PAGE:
Cancer Prevention

091216a-lung-cancer-cellsWhat Is Cancer?

Cancer is a term used for diseases in which abnormal cells divide without control and are able to invade other tissues. Cancer cells can spread to other parts of the body through the blood and lymph systems. Cancer is not just one disease, but many diseases. There are more than 100 different types of cancer.

How Can Cancer Be Prevented?

The number of new cancer cases can be reduced, and many cancer deaths can be prevented. Research shows that screening for cervical and colorectal cancers as recommended helps prevent these diseases by finding precancerous lesions so they can be treated before they become cancerous. Screening for cervical, colorectal, and breast cancers also helps find these diseases at an early, often highly treatable stage.

Vaccines also help reduce cancer risk. The human papillomavirus (HPV) vaccine helps prevent most cervical cancers and some vaginal and vulvar cancers, and the hepatitis B vaccine can help reduce liver cancer risk. Making cancer screening, information, and referral services available and accessible to all Americans can reduce cancer incidence and deaths.

A person’s cancer risk can be reduced in other ways by receiving regular medical care, avoiding tobacco, limiting alcohol use, avoiding excessive exposure to ultraviolet rays from the sun and tanning beds, eating a diet rich in fruits and vegetables, maintaining a healthy weight, and being physically active.

via CDC – Cancer – Prevention.

CDC Protects Cancer Patients from Infections

Each year, more than one million people are treated in a cancer clinic, and more than 60,000 cancer patients are taken to a hospital due to infection. October is the one-year anniversary of CDCs Preventing Infections in Cancer Patients Program, which helps raise awareness about the importance of preventing infections in this vulnerable group.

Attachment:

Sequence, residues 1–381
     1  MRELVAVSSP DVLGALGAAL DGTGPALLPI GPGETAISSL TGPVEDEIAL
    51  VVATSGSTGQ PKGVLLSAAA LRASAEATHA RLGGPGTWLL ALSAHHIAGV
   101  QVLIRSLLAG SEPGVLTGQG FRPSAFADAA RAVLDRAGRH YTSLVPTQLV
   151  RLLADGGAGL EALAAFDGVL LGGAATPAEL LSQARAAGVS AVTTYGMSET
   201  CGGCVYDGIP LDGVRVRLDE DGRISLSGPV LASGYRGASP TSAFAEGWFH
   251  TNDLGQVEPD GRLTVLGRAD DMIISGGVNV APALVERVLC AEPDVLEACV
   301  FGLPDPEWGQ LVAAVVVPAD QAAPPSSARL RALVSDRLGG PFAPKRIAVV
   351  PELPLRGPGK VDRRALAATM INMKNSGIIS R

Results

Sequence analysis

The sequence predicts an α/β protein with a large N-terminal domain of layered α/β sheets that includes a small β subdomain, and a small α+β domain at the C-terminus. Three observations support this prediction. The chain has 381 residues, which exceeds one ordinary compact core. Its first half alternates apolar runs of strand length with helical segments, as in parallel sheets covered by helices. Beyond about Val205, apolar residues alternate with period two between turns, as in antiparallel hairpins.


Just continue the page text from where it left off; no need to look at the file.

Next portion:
How to prevent an infection during chemotherapy

1. Prepare: Watch Out for Fever – If you get a fever during your chemotherapy treatment, its a medical emergency. Take your temperature any time you feel warm, flushed, chilled, or not well. If your temperature is 100.4°F 38°C or higher for more than one hour, or 101°F 38.3°C or higher for any length of time, call your doctor right away.

2. Prevent: Clean Your Hands – Dirty hands are especially dangerous when youre getting chemotherapy treatment because your body may not be able to fight off infections like it used to. You and anyone who comes around you should clean their hands often. Use soap and water to wash your hands, or an alcohol-based hand sanitizer if soap and water arent available.

3. Protect: Know the Signs and Symptoms of Infection – Call your doctor right away if you notice any of the following signs and symptoms of an infection—Fever this is sometimes the only sign of an infection.

  • Chills and sweats.
  • Change in cough or a new cough.
  • Sore throat or new mouth sore.
  • Shortness of breath.
  • Nasal congestion.Stiff neck.
  • Burning or pain with urination.
  • Unusual vaginal discharge or irritation.
  • Increased urination.
  • Redness, soreness, or swelling in any area, including surgical wounds and ports.
  • Diarrhea.
  • Vomiting.
  • Pain in the abdomen or rectum.
  • New onset of pain.

via CDC Protects Cancer Patients from Infections.